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. 2015;12(6):579-93.
doi: 10.1586/14789450.2015.1103186. Epub 2015 Oct 23.

The Potential Clinical Impact of the Release of Two Drafts of the Human Proteome

Free PMC article

The Potential Clinical Impact of the Release of Two Drafts of the Human Proteome

Iakes Ezkurdia et al. Expert Rev Proteomics. .
Free PMC article


The authors have carried out an investigation of the two "draft maps of the human proteome" published in 2014 in Nature. The findings include an abundance of poor spectra, low-scoring peptide-spectrum matches and incorrectly identified proteins in both these studies, highlighting clear issues with the application of false discovery rates. This noise means that the claims made by the two papers - the identification of high numbers of protein coding genes, the detection of novel coding regions and the draft tissue maps themselves - should be treated with considerable caution. The authors recommend that clinicians and researchers do not use the unfiltered data from these studies. Despite this these studies will inspire further investigation into tissue-based proteomics. As long as this future work has proper quality controls, it could help produce a consensus map of the human proteome and improve our understanding of the processes that underlie health and disease.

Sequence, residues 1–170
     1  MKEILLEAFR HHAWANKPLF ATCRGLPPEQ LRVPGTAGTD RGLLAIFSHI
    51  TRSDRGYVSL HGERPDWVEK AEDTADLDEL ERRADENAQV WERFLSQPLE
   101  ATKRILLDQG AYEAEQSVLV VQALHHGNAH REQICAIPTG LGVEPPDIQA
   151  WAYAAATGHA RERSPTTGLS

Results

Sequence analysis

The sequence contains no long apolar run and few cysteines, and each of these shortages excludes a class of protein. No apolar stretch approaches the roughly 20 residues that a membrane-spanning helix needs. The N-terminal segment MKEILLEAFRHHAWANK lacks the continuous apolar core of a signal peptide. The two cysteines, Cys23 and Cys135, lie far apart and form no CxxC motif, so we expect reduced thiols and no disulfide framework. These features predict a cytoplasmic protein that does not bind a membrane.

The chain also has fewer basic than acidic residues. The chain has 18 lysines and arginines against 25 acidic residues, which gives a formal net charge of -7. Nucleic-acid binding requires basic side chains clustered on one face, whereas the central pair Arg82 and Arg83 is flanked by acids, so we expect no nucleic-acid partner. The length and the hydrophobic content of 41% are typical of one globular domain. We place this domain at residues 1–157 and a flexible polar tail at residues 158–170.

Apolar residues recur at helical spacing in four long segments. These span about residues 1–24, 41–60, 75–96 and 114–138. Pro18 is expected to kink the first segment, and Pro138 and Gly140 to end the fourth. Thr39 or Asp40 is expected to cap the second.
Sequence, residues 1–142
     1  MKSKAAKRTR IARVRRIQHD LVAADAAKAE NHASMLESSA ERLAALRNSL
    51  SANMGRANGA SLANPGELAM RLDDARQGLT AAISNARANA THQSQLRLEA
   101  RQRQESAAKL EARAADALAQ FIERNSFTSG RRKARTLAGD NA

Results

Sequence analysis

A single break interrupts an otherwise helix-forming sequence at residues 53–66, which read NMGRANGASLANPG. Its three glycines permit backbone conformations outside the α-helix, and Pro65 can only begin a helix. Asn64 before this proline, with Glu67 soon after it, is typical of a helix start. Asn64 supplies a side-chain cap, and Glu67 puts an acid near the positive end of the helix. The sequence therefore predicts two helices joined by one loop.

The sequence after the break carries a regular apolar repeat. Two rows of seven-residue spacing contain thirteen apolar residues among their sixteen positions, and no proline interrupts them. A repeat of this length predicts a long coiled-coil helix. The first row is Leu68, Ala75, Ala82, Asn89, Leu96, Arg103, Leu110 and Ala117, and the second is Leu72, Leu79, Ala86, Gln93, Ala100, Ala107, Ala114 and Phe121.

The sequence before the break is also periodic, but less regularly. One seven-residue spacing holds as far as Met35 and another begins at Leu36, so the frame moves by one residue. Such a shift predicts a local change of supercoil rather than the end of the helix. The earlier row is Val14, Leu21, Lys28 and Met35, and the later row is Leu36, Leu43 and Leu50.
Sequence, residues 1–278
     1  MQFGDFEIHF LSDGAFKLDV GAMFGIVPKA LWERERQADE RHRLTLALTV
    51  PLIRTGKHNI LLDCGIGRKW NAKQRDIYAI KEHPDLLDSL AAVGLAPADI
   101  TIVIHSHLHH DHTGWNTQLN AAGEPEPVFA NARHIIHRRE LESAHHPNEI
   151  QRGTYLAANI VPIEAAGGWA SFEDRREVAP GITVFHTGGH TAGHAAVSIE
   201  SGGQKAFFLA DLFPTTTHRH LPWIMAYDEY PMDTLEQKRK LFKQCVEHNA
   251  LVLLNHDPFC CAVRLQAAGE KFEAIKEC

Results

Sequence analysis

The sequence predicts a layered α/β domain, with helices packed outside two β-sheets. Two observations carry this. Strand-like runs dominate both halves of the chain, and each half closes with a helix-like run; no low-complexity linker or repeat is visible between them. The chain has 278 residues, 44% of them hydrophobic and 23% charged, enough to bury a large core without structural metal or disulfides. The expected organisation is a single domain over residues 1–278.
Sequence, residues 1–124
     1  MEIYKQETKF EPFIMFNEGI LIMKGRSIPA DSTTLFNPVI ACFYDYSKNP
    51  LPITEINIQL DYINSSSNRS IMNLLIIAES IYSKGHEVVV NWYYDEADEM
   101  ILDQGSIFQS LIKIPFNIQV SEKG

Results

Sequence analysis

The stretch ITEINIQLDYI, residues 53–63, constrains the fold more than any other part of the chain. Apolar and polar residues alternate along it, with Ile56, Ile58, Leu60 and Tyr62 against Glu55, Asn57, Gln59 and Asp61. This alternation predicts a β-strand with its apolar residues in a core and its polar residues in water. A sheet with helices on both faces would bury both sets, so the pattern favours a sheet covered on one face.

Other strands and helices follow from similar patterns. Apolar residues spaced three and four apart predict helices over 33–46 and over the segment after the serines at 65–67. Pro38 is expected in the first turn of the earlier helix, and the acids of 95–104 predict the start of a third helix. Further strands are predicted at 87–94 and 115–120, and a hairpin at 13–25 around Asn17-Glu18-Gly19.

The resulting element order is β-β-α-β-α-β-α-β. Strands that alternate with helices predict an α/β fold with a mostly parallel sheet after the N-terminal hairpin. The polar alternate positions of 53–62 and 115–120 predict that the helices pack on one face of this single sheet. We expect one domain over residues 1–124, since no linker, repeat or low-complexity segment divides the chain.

Keywords: Clinical applications; false discovery rates; human proteome; protein coding genes; proteomics.


Figure 1.
Figure 1.
Proportion of human proteins detected by UniProt evidence category. The percentage of proteins identified within each of the five UniProt evidence codes by the Wilhelm analysis,[ 2 ] the Kim analysis [ 1 ] and by the Ezkurdia et al. analysis.[ 14 ] We calculated the evidence codes from the Kim analysis by mapping all 292,000 peptides detected by Kim et al. to the GENCODE annotation [ 15 ] in the same manner as the Kim analysis. The Kim analysis would have identified 18,230 genes if they had searched against the GENCODE annotation in the same way as they searched against the RefSeq database.[ 9 ]
Figure 2.
Figure 2.